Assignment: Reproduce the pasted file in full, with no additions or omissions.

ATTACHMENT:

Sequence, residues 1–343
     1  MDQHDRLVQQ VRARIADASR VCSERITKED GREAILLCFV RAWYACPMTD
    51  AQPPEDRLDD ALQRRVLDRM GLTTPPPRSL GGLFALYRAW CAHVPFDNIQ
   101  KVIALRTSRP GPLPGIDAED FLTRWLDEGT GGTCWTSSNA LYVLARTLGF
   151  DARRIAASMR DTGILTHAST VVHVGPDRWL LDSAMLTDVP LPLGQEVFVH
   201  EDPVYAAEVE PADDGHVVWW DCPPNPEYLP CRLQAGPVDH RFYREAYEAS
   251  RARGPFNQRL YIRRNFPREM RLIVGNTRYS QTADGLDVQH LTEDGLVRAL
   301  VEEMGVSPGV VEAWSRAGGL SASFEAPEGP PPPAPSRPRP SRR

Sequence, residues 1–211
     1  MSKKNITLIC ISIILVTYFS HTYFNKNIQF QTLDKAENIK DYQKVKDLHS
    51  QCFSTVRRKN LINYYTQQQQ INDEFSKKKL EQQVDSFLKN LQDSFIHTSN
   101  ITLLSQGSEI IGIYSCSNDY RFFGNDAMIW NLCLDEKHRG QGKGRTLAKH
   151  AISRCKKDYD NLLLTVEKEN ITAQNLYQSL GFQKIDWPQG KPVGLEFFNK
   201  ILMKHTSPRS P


Sequence, residues 1–343
     1  MDQHDRLVQQ VRARIADASR VCSERITKED GREAILLCFV RAWYACPMTD
    51  AQPPEDRLDD ALQRRVLDRM GLTTPPPRSL GGLFALYRAW CAHVPFDNIQ
   101  KVIALRTSRP GPLPGIDAED FLTRWLDEGT GGTCWTSSNA LYVLARTLGF
   151  DARRIAASMR DTGILTHAST VVHVGPDRWL LDSAMLTDVP LPLGQEVFVH
   201  EDPVYAAEVE PADDGHVVWW DCPPNPEYLP CRLQAGPVDH RFYREAYEAS
   251  RARGPFNQRL YIRRNFPREM RLIVGNTRYS QTADGLDVQH LTEDGLVRAL
   301  VEEMGVSPGV VEAWSRAGGL SASFEAPEGP PPPAPSRPRP SRR

Sequence, residues 1–211
     1  MSKKNITLIC ISIILVTYFS HTYFNKNIQF QTLDKAENIK DYQKVKDLHS
    51  QCFSTVRRKN LINYYTQQQQ INDEFSKKKL EQQVDSFLKN LQDSFIHTSN
   101  ITLLSQGSEI IGIYSCSNDY RFFGNDAMIW NLCLDEKHRG QGKGRTLAKH
   151  AISRCKKDYD NLLLTVEKEN ITAQNLYQSL GFQKIDWPQG KPVGLEFFNK
   201  ILMKHTSPRS P